Case study(3/3) Lipton(2006) Boselie, Henson and Weatherspoon (2003), and Swinnen (2006), have argued that smallholders enjoy several advantages over large commercial farmers through intermediation and internalization Smallholders Activate farmer organization in FFV Mindset change and capacity building Private agencies Government Establish regulations and laws Build associated infrastructures Help small farmers implement requirement ; finance the provision of inputs, provide extension
S.Market as a Challenge(1/1) Access to markets is key for small farmers to diversify their liveli-hood strategies and earn more (Senyolo et al., 2009 and IFAD, 2003). Supermarket sweep hits small farmers in developing countries – A sur vey conducted by the International Food Policy Research Institute (IF PRI) Supermarkets devour Indian traders – BBC News, Delhi New procurement system parallel to and outside of the traditional who lesale system led by: a. Centralised Procurement b. Logistics Improvements (outsourcing logistics and wholesale dist ribution function) c. New intermediaries in form of specialised wholesalers
A possible way out… To prepare small farmers and SME sector to take advantage of opportunities and meet challenges requires special and immediate attention and a redesign of development strategy. State and other development agencies must understand that “Market-oriented programs and policies” will in fact be “supermarket-oriented.” Because in any given country in the region, three or four chains can command up to 50% or more of the supermarket sector. This is an enormous challenge, and demands an urgent review and revision of current ideas, strategies, and practices.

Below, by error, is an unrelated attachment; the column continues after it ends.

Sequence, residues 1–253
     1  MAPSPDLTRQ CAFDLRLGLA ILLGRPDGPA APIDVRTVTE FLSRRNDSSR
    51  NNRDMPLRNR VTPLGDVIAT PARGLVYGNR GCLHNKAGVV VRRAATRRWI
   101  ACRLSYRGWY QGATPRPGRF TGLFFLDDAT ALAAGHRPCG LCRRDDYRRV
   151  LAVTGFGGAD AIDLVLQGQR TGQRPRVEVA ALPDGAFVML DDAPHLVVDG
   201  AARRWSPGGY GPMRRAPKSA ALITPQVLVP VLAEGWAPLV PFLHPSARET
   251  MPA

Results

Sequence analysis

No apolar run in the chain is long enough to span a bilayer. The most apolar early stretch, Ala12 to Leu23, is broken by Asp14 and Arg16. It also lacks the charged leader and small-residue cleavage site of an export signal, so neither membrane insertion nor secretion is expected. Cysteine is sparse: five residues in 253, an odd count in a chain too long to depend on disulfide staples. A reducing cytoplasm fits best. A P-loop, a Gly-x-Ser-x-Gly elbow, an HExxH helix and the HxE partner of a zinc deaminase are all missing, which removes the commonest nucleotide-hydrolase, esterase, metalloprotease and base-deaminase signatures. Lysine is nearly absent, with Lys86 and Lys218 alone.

References Boselie, D., Henson. S. and Weatherspoon, D., (2003). Supermarket Procurement Practices in Developing Countries: Redefining the Roles of the Public and Private Sectors. American Journal of Agricultural Economics, 85(5), pp1155-1161. FAO, (2003). Potential of Contracting Farming as a Mechanism for the Commerisation of Smallholder Agriculture. [Online] Available at : ftp://ftp.fao.org/docrep/fao/010/ah925e/ah925e00.pdf [accessed 8 February 2014] IFPRI, (2008). The Supermarket Revolution in Developing Countries. [Online] Available at : http://www.ifpri.org/publication/supermarketrevolution-developing-countries [accessed 8 February 2014] IFID, (2007). Supermarkets, smallholders and livelihood prospects in selected Asian countries. [Online] Available at : http://www.ifad.org/operations/projects/regions/pi/paper/4.pdf [accessed 8 February 2014]
Reference IFAD (2003). Promoting Market Access for the Rural Poor in Order to Achieve the Millennium Development Goals Rome. Discussion Paper, International Fund for Agricultural Development, Rome. http://www.ifad.org/gbdocs/gc/26/e/markets.pdf Joyce, C., (2003). The Supermarket “Market” Phenomenon in Developing Countries: Implications for Smallholder Farmers and Investment. American Journal of Agricultural Economics, 85(5), pp1162-1163 Ruzivo Trust, (2012). Governance over Fruits and Fresh Vegetables in Zimbabwe: Market Linkages and Value Chain Study, Hanare: Ruzivo Trust Reardon T., et al (2003). The rise of supermarkets in Africa, Asia, and Latin America. Principal paper session at the American Agriculture Economics Association, Montreal. http://www.just-food.com/analysis/supermarket-sweep-hits-small-farmersin-developing-countries_id94085.aspx http://www.just-food.com/analysis/supermarket-sweep-hits-small-farmersin-developing-countries_id94085.aspx http://news.bbc.co.uk/1/hi/world/south_asia/6667199.stm